Today is National Walk to Work Day, a day on which we are supposed to step away from the wheel and use our feet to get into the office (if possible). The rewards are numerous: We’ll save on gas and pollution and show ourselves that walking is doable. Walking to work even one day a week is a great part of a fitness plan for individuals of all athletic abilities.

Two days ago, we marked the American Heart Association’s National Walking Day; they encourage people to walk for at least 30 minutes a day, either in one large chunk (like walking to work) or broken up into three 10-minute increments. According to the AHA, following that kind of stay-active plan will improve your physical and mental wellness, boost your immunity and reduce your risk factors for heart disease by lowering your cholesterol levels.

For most people, walking is a risk-free entry into stepping up your physical activity level, but even so, the AHA offers tips that will help you avoid foot pain when you walk.  While it may seem silly, the AHA (and Houston podiatrists like myself) suggest stretching before you walk, especially if this type of activity is new to you. Areas to focus on in order to take pressure off your feet are your inner thighs, calves and hamstrings.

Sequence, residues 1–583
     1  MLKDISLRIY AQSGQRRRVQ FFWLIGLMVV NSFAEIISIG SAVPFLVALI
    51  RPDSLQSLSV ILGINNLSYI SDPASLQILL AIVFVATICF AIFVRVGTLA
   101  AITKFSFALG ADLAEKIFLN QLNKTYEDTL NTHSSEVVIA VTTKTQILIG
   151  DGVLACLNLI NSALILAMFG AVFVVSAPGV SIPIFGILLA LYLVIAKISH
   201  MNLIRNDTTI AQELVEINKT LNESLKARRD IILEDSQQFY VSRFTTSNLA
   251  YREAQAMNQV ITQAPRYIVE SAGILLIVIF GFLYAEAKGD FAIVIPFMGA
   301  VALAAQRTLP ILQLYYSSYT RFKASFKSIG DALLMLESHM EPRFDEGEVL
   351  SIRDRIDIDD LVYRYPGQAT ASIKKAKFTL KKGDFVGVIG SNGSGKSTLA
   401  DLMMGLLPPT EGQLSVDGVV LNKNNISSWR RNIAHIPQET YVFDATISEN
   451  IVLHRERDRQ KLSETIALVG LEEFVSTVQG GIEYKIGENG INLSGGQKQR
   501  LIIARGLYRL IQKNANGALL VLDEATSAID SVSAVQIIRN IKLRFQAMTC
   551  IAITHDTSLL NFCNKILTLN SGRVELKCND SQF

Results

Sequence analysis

In order to help avoid injuries, choose a supportive athletic shoe every time you walk, even if you’re just going around the block. If you wear high heels at work, keep a pair of sneakers under your desk and swap shoes during your walking breaks.

If you’re going to be taking longer walks, think about changing up your socks; studies show that pairs made of synthetic fiber do more to prevent blisters than regular old cotton socks. If you’re worried about shin splints, keep your pace slow at the outset of a new walking program and avoid going up too many hills until you’ve really got the hang of things.

Of course, you can’t begin a walking program if you already have foot or heel pain. If you are concerned that sore feet will keep you from introducing physical fitness into your daily routines, schedule an appointment at Tanglewood Foot Specialists today to develop strategies that will alleviate your pain and help you meet your goals for a healthier lifestyle. 

Dr. Andrew Schneider
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A podiatrist and foot surgeon in Houston, TX.